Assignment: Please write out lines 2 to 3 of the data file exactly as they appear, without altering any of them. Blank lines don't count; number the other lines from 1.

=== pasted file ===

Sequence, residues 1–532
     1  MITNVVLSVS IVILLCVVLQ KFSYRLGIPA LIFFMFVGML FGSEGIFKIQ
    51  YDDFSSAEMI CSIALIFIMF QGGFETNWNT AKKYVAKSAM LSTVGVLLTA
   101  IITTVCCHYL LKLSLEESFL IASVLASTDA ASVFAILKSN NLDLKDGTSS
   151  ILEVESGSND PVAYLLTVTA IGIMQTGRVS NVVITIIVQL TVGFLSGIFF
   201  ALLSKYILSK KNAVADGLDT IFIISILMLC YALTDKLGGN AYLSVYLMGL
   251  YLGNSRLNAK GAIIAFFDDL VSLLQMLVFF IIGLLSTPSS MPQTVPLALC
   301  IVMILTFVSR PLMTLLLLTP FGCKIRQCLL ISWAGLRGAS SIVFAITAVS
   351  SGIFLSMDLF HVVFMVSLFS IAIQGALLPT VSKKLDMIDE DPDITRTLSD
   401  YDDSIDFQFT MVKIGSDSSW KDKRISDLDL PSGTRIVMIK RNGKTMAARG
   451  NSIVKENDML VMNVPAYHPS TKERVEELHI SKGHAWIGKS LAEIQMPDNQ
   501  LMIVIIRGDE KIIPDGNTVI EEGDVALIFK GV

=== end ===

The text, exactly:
     1  MITNVVLSVS IVILLCVVLQ KFSYRLGIPA LIFFMFVGML FGSEGIFKIQ
    51  YDDFSSAEMI CSIALIFIMF QGGFETNWNT AKKYVAKSAM LSTVGVLLTA